The first trust to be affected is North Bristol, which is currently in discussions with the DoH about how much compensation it might pay to the runner-up in its tendering process for a new£374m PFI hospital.
The issue arises out of the new 'competitive dialogue' procurement process, adopted by the DoH in January 2006.
This process is designed to allow bidders and contractors to discuss all aspects of the contract during the bidding process. Under the new procedures, final tenders will contain all the elements necessary for the project to go ahead.
This is in contrast to the old competitive bidding process, which the EU felt was wrong for most large-scale public sector projects. But the changes mean the procurement process is longer and more detailed, creating extra costs for bidders who reach the final stages.
The EU public procurement directive does not say compensation must be given to unsuccessful bidders, but states that 'contracting authorities may specify prices or payments to participants in the dialogue'.
However, the DoH has now decided to explore the idea.
A spokesperson said that only the second-place bidder would be compensated and just from the stage when the bidding was down to the last two.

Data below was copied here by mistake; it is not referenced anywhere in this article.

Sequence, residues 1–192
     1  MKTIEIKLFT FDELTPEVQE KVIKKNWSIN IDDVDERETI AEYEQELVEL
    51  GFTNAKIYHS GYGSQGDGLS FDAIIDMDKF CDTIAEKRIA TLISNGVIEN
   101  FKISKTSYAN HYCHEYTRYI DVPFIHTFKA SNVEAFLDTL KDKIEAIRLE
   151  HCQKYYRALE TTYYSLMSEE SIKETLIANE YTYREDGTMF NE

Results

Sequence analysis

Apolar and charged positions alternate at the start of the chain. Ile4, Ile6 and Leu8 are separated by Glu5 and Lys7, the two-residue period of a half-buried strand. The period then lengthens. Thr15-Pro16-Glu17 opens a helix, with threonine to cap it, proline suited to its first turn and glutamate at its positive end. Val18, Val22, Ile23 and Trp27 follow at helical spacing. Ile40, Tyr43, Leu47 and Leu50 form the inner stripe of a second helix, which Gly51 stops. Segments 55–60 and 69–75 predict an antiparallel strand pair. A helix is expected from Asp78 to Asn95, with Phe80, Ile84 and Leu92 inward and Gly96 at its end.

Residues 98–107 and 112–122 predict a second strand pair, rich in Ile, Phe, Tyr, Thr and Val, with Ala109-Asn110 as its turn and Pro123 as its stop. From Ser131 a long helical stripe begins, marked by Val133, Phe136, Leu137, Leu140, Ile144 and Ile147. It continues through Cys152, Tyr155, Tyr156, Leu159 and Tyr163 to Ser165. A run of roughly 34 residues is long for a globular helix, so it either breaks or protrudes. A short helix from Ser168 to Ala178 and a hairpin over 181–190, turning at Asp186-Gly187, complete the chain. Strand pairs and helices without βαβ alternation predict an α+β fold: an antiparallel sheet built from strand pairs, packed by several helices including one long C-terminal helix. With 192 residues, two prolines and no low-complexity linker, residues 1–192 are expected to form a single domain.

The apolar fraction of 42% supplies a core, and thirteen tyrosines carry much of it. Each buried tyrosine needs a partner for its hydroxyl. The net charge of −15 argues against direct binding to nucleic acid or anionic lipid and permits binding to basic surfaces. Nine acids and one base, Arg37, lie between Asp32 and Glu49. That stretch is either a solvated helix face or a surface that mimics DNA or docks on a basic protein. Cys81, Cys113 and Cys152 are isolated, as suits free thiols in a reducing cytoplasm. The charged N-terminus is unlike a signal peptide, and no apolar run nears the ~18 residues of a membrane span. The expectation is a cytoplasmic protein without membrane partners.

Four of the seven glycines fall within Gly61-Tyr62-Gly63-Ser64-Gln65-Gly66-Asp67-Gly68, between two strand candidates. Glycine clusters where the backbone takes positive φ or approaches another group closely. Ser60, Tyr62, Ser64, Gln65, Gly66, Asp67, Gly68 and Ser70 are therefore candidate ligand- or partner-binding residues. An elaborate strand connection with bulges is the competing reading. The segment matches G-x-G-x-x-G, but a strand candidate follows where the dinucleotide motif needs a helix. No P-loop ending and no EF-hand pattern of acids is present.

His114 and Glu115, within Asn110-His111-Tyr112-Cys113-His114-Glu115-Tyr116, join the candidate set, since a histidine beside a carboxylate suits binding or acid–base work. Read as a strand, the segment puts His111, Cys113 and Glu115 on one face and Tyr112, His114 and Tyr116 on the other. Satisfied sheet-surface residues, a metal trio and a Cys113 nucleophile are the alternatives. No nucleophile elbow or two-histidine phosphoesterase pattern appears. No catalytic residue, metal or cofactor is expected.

She added: 'It must be remembered that bid costs are all ultimately recovered from the public sector in terms of overheads on future bids. It is therefore in our interest to manage these costs in the most cost-effective way.'
North Bristol trust director of projects David Powell confirmed that discussions were under way with the DoH.
The trust launched its tender document for a new£374m hospital on 16 May.
Mr Powell said the trust was 'seriously considering' compensating losing PFI bidders for some costs, although 'nothing has been decided yet'.
He added: 'Although this has not been done in the health sector, we are considering recompensing losing bidders for some of the increase in their costs that will result from the increasingly detailed design work they will need to do as a result of the new competitive dialogue process. This detail will enable us to proceed with our scheme more quickly.'